Finally, in HTML, <link ...crossorigin> === <link ...crossorigin=anonymous>.

Additional notes and links:


I was searching for the same thing and I found this

It states here that if you don't use cross origin attribute the user agent just does the dns lookup but doesn't establish connection with the particular domain. So crossorigin attribute is needed if you have to preconnect to cross domain, like this:

<link rel="preconnect" href="https://fonts.gstatic.com/" crossorigin>

Also if you want to send some credentials to that particular cross domain you can set the value to crossorigin as crossorigin = use-credentials otherwise I think the default value is anonymous.

  • 1
    This is half-true. If CORS is used (as it is with fonts), only the DNS lookup will be used with the font request. (The connection still happens, but it's not shown in the waterfall chart because a separate connection must be opened for the CORS request.) If you're fetching a script, using crossorigin will similarly waste a connection, because a new connection must be opened that doesn't use CORS. Commented Apr 30, 2019 at 20:28

It depends on two things:

  1. The type of assets to be downloaded (which determines whether CORS will be used)
  2. Whether the target server uses credentials for CORS connections

For jQuery, you would not use crossorigin. Scripts are not among the types of resources browsers use CORS to download.

Fonts, on the other hand, use CORS.

  • If the page will only fetch resources that use CORS, include the crossorigin attribute.
  • If the page will only fetch resources that don't use CORS, omit crossorigin. If
  • If the page will fetch both kinds of resources, you may need two resource hints. (Full disclosure, the link is to my personal site. :-)) Someone pointed out that you might not need two hints for HTTP/2. I haven't had time to test.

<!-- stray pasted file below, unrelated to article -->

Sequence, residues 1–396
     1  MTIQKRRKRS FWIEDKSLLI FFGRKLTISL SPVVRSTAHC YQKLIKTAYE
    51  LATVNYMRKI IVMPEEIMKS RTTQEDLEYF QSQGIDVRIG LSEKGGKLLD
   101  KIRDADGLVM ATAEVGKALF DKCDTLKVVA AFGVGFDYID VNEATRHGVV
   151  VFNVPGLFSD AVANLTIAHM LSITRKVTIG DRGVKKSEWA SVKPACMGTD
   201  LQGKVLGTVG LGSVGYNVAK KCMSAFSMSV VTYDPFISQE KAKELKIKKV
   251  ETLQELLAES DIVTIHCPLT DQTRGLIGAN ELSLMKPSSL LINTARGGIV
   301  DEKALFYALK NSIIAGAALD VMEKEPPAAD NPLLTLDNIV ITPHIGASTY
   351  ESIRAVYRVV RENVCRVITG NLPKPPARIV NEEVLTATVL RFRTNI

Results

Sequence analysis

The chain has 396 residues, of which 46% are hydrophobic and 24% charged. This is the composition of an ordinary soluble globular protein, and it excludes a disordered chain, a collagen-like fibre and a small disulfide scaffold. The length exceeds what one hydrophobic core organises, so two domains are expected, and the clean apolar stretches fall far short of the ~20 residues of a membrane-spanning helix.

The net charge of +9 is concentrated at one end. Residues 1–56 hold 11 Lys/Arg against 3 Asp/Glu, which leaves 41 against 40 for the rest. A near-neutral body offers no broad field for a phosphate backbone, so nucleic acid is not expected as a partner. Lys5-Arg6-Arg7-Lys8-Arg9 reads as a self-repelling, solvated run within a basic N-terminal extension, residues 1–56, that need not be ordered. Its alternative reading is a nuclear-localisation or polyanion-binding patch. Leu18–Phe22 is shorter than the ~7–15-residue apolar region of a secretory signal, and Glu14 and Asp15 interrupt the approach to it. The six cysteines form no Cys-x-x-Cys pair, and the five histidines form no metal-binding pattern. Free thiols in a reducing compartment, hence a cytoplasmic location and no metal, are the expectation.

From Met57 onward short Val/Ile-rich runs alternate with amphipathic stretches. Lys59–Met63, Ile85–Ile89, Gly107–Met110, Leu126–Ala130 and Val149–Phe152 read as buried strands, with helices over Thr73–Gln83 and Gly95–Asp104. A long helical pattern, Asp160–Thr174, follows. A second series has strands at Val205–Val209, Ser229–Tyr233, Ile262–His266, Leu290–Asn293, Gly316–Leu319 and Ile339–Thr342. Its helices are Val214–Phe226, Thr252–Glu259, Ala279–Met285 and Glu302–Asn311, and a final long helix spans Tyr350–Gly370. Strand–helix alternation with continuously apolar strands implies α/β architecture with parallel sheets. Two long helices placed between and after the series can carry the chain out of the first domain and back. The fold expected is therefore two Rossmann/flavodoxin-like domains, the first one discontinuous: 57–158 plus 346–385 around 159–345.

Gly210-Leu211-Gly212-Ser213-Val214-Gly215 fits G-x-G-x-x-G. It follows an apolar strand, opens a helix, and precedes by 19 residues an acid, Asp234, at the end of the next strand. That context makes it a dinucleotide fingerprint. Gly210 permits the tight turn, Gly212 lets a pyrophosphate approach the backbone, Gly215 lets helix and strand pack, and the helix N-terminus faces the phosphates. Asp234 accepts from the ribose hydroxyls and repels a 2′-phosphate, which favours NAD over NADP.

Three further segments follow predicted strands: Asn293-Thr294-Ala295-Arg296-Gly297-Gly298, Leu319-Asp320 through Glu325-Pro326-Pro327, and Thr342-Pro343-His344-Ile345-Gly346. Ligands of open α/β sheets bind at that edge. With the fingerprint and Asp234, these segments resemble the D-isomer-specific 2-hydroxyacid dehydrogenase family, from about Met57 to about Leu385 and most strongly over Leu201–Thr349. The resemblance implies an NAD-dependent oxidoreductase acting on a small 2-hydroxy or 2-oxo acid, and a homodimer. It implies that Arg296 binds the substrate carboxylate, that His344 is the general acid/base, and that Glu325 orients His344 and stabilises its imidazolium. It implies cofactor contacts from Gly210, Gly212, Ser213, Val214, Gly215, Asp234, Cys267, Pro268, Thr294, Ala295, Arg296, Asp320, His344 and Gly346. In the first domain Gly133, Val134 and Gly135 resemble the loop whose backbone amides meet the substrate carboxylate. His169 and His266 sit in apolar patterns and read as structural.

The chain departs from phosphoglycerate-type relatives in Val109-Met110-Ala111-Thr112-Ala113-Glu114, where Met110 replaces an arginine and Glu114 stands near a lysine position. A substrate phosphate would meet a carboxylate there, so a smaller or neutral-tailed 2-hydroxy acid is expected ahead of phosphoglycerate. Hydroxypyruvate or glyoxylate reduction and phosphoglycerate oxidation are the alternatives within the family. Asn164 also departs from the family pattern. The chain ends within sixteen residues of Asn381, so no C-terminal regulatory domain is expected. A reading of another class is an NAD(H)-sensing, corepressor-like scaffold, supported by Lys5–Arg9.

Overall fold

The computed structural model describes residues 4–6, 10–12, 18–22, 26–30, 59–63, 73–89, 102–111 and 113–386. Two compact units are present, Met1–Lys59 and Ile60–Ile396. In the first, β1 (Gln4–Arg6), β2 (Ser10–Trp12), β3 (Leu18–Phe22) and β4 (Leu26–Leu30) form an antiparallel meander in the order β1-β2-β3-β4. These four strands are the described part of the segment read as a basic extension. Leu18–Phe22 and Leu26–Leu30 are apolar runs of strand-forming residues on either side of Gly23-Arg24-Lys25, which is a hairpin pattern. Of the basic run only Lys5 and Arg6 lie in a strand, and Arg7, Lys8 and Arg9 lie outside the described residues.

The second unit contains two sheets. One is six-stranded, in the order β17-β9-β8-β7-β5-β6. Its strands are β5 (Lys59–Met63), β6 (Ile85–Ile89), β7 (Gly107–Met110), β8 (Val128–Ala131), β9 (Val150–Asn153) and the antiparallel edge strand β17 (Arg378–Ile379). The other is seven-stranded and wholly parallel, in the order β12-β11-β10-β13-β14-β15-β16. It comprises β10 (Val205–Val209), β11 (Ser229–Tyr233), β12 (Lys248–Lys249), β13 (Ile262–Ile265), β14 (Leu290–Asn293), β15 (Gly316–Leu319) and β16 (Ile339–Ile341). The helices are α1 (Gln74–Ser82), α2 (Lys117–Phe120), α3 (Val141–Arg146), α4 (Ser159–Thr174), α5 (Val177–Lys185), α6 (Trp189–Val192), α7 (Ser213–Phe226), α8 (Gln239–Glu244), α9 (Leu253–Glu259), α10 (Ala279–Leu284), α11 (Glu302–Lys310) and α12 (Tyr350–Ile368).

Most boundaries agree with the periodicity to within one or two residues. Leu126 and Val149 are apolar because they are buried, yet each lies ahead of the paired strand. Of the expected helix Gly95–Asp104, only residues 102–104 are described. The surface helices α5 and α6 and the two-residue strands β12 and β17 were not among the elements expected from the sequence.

Here's the Stack Overflow post where I encountered the same issue.

I haven't dived into when CORS credentials are necessary. I haven't seen an example where they're needed, so chances are you're safe with crossorigin (i.e. `crossorigin="anonymous").


So far i understand the usage of crossorigin, specially in terms of its values anonymous and use-credentials, you should use crossorigin="use-credentials"in case:

  • you use assets, like images or videos, which have a crossorigin attribute
  • you plan to carry cookies, HTTP authentication, and client-side SSL certificates between origins, based on the user agent's previous interactions with the origin.

Additionally to the documentation cited by you i got this and that. But indeed the documentation is misleading and contains misspelling: the first calls it use-credentials, the second - user-credentials.

Anyway, in my understanding:

  • no crossorigin at all equals crossorigin="anonymous"
  • crossorigin equals crossorigin="use-credentials"

Maybe somebody would correct me.

PS: The current version of Mozilla page to the subject means:

An invalid keyword and an empty string will be handled as the anonymous keyword.

Means: no crossorigin at all, crossorigin or crossorigin="use_credentials" are all handled as crossorigin="anonymous".

  • 5
    I believe, as mentioned in MDN, By default (that is, when the attribute is not specified), CORS is not used at all. Also, setting only crossorigin is equal to crossorigin="anonymous". Commented Mar 22, 2019 at 13:23